KC’s hotel initiative for the unhoused ends without next steps in place


One shipment of dry goods provided to a hotel by Harvesters. // Photo by Bek Shackelford

After an extension, Kansas City’s hotel initiative to provide shelter for nearly 400 unhoused people ends today. There is no transitional housing solution currently in place following the hotel initiative. Many of the people who stayed in the hotels for nearly three months will now be going to shelters run by nonprofit organizations. Many will be back on the street. Without a transitional housing solution in place, many will continue to suffer from the everyday struggles of houselessness as well as the perpetual threat of camp sweeps

According to Chris Hernandez, director of communications in the office of the city manager, the hotel program helped almost 350 people connect to housing services providers, 120 sign up for first-time benefits, and 220 people receive medical care. Additionally, nearly 20 people received critical medical treatment for potentially life-threatening ailments, and a baby was born safely. 

“We have worked to resettle folks,” says Mayor Lucas. “We have found housing for 70 families, we have identified 200 spaces for people to transition to. They are shelters, but I think that we can say confidently that we are not crafting a program that is just putting people back out on the streets.” 

Still, there were issues with managing the hotel initiative and an overall lack of organization. Some unhoused people were moved from hotels without warning. Meals were not sponsored and relied on the effort of volunteers and donations from area nonprofits. 

Janessa Riehle, coordinator of KC Blanket Drive and one of the many who stepped up to help run the Kansas City Hotel Initiative, says that Hope Faith was originally supposed to help back the initiative but dropped out a few days in. The city tapped Lotus Care House to run the program, which coordinated the volunteer efforts.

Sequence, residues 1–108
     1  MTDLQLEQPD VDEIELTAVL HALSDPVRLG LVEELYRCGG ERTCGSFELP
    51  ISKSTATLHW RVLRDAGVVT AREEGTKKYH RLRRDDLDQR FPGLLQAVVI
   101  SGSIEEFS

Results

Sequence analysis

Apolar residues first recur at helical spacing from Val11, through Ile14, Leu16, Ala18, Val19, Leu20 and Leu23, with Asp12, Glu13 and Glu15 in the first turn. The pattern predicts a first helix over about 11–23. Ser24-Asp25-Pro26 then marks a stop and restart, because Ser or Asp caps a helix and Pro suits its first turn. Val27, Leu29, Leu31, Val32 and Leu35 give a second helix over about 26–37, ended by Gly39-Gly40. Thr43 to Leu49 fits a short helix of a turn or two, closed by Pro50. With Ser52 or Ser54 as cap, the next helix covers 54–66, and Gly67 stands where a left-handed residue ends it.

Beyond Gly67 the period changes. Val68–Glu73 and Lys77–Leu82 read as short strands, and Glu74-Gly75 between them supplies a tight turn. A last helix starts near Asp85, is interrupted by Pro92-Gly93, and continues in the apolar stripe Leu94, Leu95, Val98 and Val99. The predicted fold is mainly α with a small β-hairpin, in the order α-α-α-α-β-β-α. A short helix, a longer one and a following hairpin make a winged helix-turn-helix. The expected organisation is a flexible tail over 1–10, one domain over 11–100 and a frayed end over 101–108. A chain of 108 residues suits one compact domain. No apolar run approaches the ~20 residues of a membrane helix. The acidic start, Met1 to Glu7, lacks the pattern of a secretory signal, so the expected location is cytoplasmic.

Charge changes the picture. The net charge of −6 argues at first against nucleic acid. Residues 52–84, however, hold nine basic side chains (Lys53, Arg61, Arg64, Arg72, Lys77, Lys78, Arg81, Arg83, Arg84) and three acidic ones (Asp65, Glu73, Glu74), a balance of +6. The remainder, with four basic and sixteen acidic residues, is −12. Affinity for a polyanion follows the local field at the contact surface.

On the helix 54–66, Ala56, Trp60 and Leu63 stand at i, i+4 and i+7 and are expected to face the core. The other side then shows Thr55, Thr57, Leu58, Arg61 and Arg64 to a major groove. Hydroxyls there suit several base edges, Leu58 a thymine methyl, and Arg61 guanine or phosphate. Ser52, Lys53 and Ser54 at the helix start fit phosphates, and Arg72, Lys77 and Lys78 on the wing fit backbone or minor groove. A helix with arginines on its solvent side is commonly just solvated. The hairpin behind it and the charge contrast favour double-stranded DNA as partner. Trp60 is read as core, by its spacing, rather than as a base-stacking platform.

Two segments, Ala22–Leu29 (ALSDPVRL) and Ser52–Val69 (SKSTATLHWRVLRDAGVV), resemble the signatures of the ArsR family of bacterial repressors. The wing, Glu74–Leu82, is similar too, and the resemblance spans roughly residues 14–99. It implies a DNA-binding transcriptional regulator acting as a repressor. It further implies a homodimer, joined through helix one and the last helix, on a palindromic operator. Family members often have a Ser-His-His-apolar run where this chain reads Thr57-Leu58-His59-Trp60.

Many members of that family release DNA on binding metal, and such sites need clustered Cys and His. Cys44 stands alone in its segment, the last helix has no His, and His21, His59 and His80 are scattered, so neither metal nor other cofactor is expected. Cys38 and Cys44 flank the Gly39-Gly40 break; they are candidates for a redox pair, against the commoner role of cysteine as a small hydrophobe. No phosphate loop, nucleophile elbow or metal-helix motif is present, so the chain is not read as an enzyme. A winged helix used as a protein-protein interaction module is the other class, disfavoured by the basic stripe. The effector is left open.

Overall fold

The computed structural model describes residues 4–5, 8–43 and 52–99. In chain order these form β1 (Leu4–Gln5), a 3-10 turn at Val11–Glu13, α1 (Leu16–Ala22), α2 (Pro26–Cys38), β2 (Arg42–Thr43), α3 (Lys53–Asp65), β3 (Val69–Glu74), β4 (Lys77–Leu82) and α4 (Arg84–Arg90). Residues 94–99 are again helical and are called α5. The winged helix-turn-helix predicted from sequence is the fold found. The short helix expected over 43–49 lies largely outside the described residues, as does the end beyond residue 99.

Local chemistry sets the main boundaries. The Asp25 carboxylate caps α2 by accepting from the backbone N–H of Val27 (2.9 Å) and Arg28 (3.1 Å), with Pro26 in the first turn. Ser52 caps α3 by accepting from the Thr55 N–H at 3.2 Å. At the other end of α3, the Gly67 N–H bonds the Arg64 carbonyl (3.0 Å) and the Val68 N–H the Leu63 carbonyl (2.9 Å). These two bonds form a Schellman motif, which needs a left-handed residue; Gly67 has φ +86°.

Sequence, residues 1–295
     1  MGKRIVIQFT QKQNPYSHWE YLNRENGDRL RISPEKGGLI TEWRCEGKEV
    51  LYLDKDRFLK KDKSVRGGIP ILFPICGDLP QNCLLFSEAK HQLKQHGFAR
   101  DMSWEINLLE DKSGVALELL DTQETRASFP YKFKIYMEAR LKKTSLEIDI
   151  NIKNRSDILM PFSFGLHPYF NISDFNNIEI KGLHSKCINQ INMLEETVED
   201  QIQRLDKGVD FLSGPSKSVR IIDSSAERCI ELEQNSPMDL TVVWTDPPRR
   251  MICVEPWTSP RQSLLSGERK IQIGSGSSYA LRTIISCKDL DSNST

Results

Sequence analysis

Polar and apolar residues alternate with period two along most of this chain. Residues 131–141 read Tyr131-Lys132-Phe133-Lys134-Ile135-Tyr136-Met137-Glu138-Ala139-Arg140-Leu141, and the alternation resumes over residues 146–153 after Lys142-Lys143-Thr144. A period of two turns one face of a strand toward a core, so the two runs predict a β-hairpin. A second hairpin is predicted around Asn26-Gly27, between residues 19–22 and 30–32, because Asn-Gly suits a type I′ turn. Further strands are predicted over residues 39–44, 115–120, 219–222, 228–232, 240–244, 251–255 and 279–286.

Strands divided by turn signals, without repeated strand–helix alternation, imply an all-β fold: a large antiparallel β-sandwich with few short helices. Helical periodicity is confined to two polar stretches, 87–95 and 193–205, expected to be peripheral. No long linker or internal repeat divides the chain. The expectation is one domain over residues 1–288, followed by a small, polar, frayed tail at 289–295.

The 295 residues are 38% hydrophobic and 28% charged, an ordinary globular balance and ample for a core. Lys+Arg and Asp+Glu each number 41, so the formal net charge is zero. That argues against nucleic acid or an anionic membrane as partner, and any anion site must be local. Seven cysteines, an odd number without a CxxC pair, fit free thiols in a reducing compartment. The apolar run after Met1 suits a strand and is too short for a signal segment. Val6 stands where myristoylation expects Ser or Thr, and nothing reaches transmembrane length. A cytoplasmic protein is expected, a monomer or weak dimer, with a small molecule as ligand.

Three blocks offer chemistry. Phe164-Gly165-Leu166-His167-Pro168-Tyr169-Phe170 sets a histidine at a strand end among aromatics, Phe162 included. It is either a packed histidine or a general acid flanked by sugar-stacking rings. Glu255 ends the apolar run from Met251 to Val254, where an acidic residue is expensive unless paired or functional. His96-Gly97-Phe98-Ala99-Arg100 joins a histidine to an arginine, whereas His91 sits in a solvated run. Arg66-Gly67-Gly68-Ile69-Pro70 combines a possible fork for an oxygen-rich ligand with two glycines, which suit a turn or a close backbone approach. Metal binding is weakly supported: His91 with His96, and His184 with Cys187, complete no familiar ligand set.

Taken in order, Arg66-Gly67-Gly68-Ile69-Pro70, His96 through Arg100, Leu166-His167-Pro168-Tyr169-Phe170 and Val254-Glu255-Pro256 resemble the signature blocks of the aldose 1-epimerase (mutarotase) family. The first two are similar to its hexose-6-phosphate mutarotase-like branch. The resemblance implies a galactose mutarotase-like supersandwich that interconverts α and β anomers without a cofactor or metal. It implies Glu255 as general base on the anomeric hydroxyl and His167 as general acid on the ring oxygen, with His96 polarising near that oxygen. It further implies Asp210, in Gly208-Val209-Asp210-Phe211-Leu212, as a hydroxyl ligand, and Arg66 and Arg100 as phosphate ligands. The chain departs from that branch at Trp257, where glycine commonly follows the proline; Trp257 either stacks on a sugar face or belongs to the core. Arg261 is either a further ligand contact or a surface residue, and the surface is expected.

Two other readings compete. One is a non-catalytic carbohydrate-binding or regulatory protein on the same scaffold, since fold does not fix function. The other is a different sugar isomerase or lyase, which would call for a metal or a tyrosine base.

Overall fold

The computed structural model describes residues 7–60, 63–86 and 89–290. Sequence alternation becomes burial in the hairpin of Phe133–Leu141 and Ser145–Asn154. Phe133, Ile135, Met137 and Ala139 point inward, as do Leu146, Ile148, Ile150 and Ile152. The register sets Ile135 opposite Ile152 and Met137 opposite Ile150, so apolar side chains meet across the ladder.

Volunteers were the ones who brought food and supplies to those living in the hotels. Riehle coordinated with Anton Washington, who helped with the Bartle Hall warming shelter, and Nellie McCool from Free Hot Soup.

“Anton had the government connections from being a member of the Mayor’s Houseless Task Force, Nellie knew how to feed hundreds of people and how to bring in the volunteers, and I knew how to formally organize a plan and a system,” says Riehle. 

The team worked closely with Alfredo Palacol, executive director of Lotus; Marquee Watson, executive director of the Greater Kansas City Coalition to End Homelessness; City Manager Brian Platte; Assistant City Manager Kimiko Black Gilmore; and Councilwoman Ryana Parks-Shaw. The team advocated and fought for the unhoused and the ability of the volunteers to help and were overall a big help, according to Riehle. 

Today, as the unhoused are being relocated from the hotels to shelters or camps, there is little help with transportation. Riehle said that a team of volunteers has had to coordinate transportation with little warning. So far, the city sent only one KCATA bus to shuttle people from one of the several hotels to a shelter.

Riehle stresses that they aren’t looking for sympathy, but for meaningful change. She says people need to lean in, volunteer, and be active in their communities before judging the unhoused or making assumptions about their abilities. After all, we are all closer to homelessness than we might think. 

The program might be ending, but this is just the very beginning,” Riehle says. “Our city is truly at a pivotal moment in advocating for the rights of the houseless and tenants, as well as the policing of the Black and Brown communities, and we are not stopping anytime soon. We are holding our elected officials accountable for how our tax dollars are being spent and how we are tired of it being spent in ways that truly do not benefit all Kansas Citians.”

Riehle wants the City Council, notably the city councilmembers who deride the unhoused at meetings, to end the dehumanization of the city’s unhoused. One recent example of that is Councilwoman Heather Hall claiming that a new transitional housing project would facilitate drug use, violence, and unsanitary practices—insinuating in her remarks that houseless people refuse to abide by arbitrary rules for housing.